For non-profits, your competition may not just be other non-profits. Your competition includes other people competing for your audience’s attention and time.
4. Identify Your Brand
Who are you? What makes you distinctive?
5. Develop Your Message – the “Elevator Pitch”
Your elevator pitch should be:
Put the “Why” before the “What”
Tell a story
Include an ask
6. Build Relationships
In packaged goods marketing, loyalty programs make people feel valued and invested in your product. Think of how you can build relationships with your audience by providing more value for them.
7. Recognize the Value of Word of Mouth
Create content that people will want to share. The example Suzy used here is a video Dove made as part of their “Real Beauty” campaign called Dove Real Beauty Sketches.
The video shows a woman behind a curtain describing herself to a forensic scientist who draws a picture of her based on her description, and then cuts to him drawing her based on a stranger’s description. In every case, the image the stranger described was more beautiful. The video and drawings got buzz in the media and has been viewed over 35 million times!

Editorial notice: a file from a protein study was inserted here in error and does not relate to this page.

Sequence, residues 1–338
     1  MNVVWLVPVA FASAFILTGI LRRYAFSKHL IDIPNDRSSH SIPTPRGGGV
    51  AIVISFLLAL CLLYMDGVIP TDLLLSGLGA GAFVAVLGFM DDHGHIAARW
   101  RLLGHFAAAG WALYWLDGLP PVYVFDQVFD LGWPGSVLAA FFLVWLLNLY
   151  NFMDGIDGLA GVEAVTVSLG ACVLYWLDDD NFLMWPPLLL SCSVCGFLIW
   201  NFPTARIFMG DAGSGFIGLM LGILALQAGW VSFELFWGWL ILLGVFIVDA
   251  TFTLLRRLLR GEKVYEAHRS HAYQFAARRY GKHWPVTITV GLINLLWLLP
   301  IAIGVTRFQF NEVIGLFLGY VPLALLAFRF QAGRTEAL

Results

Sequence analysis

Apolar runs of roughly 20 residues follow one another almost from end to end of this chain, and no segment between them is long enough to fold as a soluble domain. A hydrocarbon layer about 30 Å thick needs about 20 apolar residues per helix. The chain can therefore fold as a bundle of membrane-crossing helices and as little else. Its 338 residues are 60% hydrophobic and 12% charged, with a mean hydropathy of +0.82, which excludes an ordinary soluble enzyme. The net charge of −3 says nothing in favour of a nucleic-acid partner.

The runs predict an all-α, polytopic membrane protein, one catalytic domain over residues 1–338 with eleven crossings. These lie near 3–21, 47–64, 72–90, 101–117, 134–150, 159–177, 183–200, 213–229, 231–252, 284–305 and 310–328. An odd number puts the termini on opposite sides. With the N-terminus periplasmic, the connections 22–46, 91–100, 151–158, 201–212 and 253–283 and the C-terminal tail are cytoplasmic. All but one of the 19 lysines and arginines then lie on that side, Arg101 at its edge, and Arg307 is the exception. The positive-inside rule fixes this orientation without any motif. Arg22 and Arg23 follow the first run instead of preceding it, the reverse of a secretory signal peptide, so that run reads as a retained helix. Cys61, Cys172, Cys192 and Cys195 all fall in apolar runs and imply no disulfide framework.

8. Use “Free” Samples and Promotions
Free samples in packaged goods marketing serve to engage people with your product with almost no effort from them. Think of ways you can engage people with your organization to “get them hooked” – for example, Houston’s Neighborhood Centers allows anyone on their board to invite friends or new supporters for tours of the facility to engage them with the organization.
9. Learn from Traditional Advertising
Things Traditional Advertising does that can inspire NPOs:
Show, don’t tell
Offer a benefit
Grab attention quickly
Consider non-conventional media
10. Never Underestimate the Power of PR
Find the story people can relate to and tell it!
11. (Bonus!) Keep Track of How You’re Doing
Be sure you are measuring your success!
Case Study : Lynda Sanders of the Boy Scouts of America
Three Channels to Serve
In packaged goods marketing, there are three channels to serve. These also apply to NPOs:
The sales force
But First, Start with “The Product”